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Leading to June 19, 2004

Montreal’s Little Italy tour with Franco

Mamma Mia! Book launch

June 19th 2004

The Italian “community” is a people who explore, build and impact where they relocate. Upon landing in Canada the newcomer sets roots in familiar territory. This has been the case since the early 1900’s. The Italian’s affiliation to a region of Italy further defines the language and customs he or she brought. The “community” is diversified and, over the years, has created for itself a variety of private and socio-cultural structures to support its evolution that continues to face progression and at times regression in its realizations and accomplishments.

To see the tour map, click below

Highlights of the tour

La Casa d’Italia

In the early 1900’s, the large emigration of Italians to Canada encouraged the establishment of support services. These were promoted and financed mainly by Italians. Local Governments participated in singular initiatives. The General Counsel of Italy in Montreal, Giuseppe Brigidi, launched the project to build a “Casa” for Italians in Canada. A fund-raising campaign was organized in 1934. People responded well and donated money, materials and time to the initiative. The Mayor of the city of Montreal, Camilien Houde, responded by donating the land where the Casa presently stands. By 1936 the Casa was built and it was inaugurated on November 1st of that year. It had a short life. In 1940 the Federal Government confiscated the Casa due to the War and due to its ideological affiliation to Fascism. After the War, the Casa was returned to the Italian community in 1949. During the 1950’s and 60’s, theatrical plays, recitals, banquets, meetings and events were planned at the Casa. The 1970’s brought a new focus to the Casa – community services. Most initiatives involving community development were received at the Casa or initiated from there. There was social effervescence until the mid 1980’s. From the 1980’s on, the Casa has seen mutation, reorientation, conflicts and visions for a renewed Casa d’Italia of the future. Presently, a new project to expand the building is in its first phase of the development and funding assessment.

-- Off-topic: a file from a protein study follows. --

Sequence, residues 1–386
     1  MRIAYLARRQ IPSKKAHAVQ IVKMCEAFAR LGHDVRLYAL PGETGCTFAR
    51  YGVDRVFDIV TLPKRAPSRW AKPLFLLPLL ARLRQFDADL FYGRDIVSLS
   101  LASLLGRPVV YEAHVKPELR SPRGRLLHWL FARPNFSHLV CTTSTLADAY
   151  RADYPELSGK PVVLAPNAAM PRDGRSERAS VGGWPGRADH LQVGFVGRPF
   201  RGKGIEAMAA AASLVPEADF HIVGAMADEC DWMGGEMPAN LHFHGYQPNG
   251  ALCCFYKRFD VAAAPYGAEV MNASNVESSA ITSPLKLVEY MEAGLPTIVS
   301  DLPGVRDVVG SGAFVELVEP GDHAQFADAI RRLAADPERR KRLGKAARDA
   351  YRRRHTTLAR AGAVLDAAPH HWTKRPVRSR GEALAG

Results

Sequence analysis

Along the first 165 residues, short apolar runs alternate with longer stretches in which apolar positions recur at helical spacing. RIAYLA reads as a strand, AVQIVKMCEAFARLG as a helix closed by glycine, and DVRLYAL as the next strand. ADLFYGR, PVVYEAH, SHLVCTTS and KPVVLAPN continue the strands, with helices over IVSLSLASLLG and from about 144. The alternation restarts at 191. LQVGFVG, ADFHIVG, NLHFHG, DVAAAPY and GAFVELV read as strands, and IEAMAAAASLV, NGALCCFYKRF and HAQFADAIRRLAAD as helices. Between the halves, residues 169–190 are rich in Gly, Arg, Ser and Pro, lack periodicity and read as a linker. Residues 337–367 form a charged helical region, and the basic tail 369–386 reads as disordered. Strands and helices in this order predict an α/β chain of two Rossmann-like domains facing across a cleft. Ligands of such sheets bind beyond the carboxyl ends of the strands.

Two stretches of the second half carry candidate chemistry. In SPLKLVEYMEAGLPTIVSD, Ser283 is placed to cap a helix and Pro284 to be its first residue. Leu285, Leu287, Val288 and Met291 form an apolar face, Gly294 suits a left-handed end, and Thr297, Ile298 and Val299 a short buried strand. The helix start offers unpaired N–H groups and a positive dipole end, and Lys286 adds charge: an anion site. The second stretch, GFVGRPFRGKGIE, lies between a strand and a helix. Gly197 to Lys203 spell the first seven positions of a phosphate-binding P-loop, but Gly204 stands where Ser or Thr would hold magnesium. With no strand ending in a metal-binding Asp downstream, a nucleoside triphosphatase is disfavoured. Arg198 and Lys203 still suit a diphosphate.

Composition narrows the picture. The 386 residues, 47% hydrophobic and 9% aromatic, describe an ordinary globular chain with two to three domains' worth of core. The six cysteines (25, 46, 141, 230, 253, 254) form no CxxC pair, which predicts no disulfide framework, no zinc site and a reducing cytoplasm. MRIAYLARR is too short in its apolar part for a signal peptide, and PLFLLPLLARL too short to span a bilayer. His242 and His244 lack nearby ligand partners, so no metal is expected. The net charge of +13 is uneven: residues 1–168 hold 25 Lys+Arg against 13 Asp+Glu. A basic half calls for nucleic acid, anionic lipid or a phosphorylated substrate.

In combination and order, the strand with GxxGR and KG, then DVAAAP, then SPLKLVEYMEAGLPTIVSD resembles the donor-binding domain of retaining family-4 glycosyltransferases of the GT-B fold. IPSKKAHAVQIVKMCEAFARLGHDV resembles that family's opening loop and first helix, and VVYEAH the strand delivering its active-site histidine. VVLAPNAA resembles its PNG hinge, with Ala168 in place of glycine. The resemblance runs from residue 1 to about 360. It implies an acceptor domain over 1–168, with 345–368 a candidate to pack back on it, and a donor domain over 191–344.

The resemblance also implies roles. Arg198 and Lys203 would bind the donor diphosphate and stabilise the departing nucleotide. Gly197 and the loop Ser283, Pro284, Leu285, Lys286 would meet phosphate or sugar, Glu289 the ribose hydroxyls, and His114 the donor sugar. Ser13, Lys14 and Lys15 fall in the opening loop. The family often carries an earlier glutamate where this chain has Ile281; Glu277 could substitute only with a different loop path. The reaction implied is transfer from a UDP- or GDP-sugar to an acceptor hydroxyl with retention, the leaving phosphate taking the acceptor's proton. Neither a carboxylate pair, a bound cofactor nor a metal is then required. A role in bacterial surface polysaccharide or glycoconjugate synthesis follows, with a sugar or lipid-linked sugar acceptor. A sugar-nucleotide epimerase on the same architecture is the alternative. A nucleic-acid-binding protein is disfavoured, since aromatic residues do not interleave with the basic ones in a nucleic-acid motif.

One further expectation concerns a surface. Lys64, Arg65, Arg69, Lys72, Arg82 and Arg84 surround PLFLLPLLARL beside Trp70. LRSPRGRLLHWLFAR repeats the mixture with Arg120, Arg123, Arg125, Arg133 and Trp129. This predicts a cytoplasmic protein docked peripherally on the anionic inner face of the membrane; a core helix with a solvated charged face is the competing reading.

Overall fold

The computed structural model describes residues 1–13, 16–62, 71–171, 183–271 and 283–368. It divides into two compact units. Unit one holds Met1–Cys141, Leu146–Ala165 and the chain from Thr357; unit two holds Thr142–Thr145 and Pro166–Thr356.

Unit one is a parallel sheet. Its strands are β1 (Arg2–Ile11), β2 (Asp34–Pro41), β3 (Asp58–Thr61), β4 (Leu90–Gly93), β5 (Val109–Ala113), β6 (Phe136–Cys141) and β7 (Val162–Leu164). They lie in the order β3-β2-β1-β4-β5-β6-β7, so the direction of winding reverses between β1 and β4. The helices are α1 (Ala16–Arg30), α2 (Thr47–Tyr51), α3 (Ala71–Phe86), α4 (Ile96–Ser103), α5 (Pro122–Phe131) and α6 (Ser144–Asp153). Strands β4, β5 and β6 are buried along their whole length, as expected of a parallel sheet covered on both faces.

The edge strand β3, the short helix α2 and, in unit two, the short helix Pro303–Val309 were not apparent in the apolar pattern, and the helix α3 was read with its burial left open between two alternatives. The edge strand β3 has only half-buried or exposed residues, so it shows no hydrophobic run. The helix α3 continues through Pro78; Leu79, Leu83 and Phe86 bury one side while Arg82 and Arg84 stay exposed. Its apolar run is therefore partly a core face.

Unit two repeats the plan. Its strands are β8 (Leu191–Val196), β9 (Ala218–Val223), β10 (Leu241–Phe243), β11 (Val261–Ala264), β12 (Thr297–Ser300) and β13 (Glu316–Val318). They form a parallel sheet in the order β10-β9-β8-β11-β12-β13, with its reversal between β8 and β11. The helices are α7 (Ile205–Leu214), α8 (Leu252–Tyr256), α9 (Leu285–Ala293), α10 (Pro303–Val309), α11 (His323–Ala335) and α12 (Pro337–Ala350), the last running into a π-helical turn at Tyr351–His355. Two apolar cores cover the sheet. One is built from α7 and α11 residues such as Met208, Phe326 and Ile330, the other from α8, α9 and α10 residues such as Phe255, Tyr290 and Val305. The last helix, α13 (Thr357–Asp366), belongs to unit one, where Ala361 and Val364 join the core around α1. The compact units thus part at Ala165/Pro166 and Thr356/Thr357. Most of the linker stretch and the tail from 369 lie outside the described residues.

The Jean-Talon Market

Opened in 1933, on a field that was used by the Shamrock Lacrosse Club, the Market served its clientele in an open-air environment (all other markets in Montreal were indoor). It saw expansion in several phases and diversified its products sold beginning in 1945. The City built three open cement galleries that further gave the atmosphere of the open markets in Italy. Winter and summer the Market was open for business. In 1983, changes were made to close with retractable walls an area to provide comfort during the winter season. As the population grew around the Market, a Police / Fire Station was built, a new library opened and further improvements were made to the Market. In 1945, the small building west of the Market became a terminus for the Laval bus service until 1961. We must rationalize that when the Market opened, that area was the Northern-most part of the city. That is why it was called “Marché du Nord” and the roads in the Market still bare the name. Later in the mid 60’s the library was relocated from the Police/Fire Station to the terminus where it remained until 1982 when the library building was returned to the Market. After years of growth and major traffic problems it became necessary to improve parking facilities. A new multi-level building, currently under construction, will accommodate hundreds of cars. The market has catered to the neighborhood and offered products and services “European-style”.

La Difesa

The constitution of a new parish was adopted on October 21st 1910. Because the number of Italian families living in a specific geographic area had grown by 1,000% in 20 years and because there was a wish to celebrate religious services in Italian, the church leaders of Montreal accepted the creation of Notre-Dame de la Défense parish. A small church was first built, which also served as a school; however, by 1918 it could no longer accommodate the parishioners who assisted Mass and other Church functions. Father Vangelisti decided that a new and bigger Church must be built. On August 18th 1919, the Madonna della Difesa Church that we see today was inaugurated. Guido Nincheri, an artist who left Tuscany in 1912 to come to Canada was commissioned to design the church, paint frescos, produce stained glass art work and build a marble altar, a pulpit and the railings. We can see the beauty in its light and colors. Recently the church obtained from Heritage Canada the status of “National Monument” and thus the possibility of receiving financial help to restore the building. A fund-raising campaign was launched. Contributions came from the community and from the different levels of government.